Assessing the Field
The field of Customer Success ensures that your customers gain value from your product offerings, and allows you to cultivate lasting business relationships, all while continually optimizing their accounts. The exponential growth of Customer Success as a viable vocation has lead to an explosion of CS teams in every company, large and small. In fact, the number openings in CS has reached upwards of 300,000, almost on par with the number of openings in the Marketing domain.
Once you convince the influential players in your company that Customer Success is on the cutting edge of innovation in the post-sales ecosystem, and before you choose a Customer Success Automation platform, you have to find the right people to fill your CS team. Here are the primary criteria you should emphasize when hiring your Customer Success operators.
Identify the Right Experience
Since Customer Success is a relatively new function, the background required has yet to be defined. While previous time in Customer Success may not always be possible, it is a good idea to find professionals with a background in customer-facing operations. Anyone with a position starting with ‘Customer’, followed by Success, Support, Service, Account Manager, Marketing, and Lifecycle Management, amongst many others, probably has the right mindset and is used to catering to a customers’ needs. Shifting to CS from these types of posts is a natural transition, and won’t require as much training to get up to speed.
Prioritize Emotional Intelligence
After you close the sale and have onboarded your new customers, the responsibility of retention, upsells, and advocacy shifts to the Customer Success team. As these Customer Success professionals are now going to be the face of your company, you need to make sure they have the ability to maintain cordial relationships with your customers. If they are not emotionally intelligent, unable to pick up on social cues, and intuitively know what the customer requires, it is unlikely that they will be very good at their job. Not only do you need to choose people who care about their customers, but also those who have the appropriate outlook and stamina for dealing with people on a continual basis.
Diversify Your Team
Just as you diversify your investment portfolio, you should also aim to hire a diverse group of employees who can fulfill any role required for Customer Success. While it may be cheaper to hire a whole team of chirpy undergraduates who are fresh out of college, it will not offer your team the breadth of experience and insights that a more seasoned (and expensive!) member could offer. However, hiring for CS proficiency isn’t the only factor you should consider. Young, trainable assets who have copious energy, and the ability to be flexible, will swiftly gain the competence you seek. Other key assets that are equally important are a passion for customer relations, growth potential, and an enthusiasm for learning on the fly.
Create the Perfect Fit for Your Customers
The bonus of having a diversified team is that there will always be a member who is the right fit for a particular customer. If your customers all fall into a particular demographic, age bracket, or industry, match their account with a CSM who shares a similar background. If a company is heavily focused in engineering, and wants to utilize the more technical aspects of your product, pair them with an account manager who understands these topics and can work with them in depth. Similarly, if the company is very youthful, pair them with a CSM who shares their spirit and can bond with them. Domain expertise is just as important as prior CS dexterity and emotional intelligence. Together, industry knowledge, interpersonal prowess, and work history form the perfect trifecta of skills for a flawless CSM.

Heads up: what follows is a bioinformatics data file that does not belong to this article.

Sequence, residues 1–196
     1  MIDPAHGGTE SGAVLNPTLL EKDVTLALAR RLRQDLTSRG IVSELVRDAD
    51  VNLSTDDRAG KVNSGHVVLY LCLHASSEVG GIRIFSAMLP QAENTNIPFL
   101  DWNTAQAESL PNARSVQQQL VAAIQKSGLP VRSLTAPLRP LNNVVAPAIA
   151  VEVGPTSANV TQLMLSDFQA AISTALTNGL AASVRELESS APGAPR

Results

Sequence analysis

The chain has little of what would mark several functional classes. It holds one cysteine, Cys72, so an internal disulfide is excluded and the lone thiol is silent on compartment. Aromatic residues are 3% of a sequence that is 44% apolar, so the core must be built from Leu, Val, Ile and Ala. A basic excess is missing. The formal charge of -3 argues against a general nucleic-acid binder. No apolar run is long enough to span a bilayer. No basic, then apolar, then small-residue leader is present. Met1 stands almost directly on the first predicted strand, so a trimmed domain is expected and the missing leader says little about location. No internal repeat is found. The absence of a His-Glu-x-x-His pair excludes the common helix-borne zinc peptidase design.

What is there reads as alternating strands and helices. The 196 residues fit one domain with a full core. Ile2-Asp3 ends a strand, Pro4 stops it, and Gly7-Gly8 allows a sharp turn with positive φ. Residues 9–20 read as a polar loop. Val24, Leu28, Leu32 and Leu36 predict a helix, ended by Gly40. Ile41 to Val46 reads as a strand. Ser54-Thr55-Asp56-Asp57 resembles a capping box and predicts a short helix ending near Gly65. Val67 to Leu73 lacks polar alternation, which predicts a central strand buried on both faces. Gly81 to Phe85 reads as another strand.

Hire From Within
If your product is complex, or requires a technical know-how in order to deploy, it may be useful to look for new members of your budding CS teams from within your organization. These are employees who have already been vetted, used the product extensively, and had their work vouched for. There even may be some overcrowding on these teams, and key people who want to pivot within the organization. Allow these team members the first chance to apply and explain why they’d be a good fit for Customer Success. This will please the higher-ups who will see some of the redundancy removed, and potential costs reduced, as you are repurposing already allocated personnel. Note positive attitudes, and a desire to challenge themselves. That way, they will be more likely to proactively optimize accounts, even when not prompted.
See the Big Picture
Hiring for Customer Success is a complex process simply because there haven’t been too many previous teams from which we could learn. As you create a team from scratch, keep in mind the key elements that will help you in putting together the most well-rounded operation. Focus on gaining members with the right experience, but don’t place more importance on previous endeavors, instead of the right temperament. People adept at interpersonal interactions, as well as those with industry knowledge, and time at your company will also make for excellent additions. If you consider all of the above factors, you are guaranteed to end up with CSMs that will fit into your Customer Success team and find ways to innovate independently.
Which features do you focus on when hiring for Customer Success?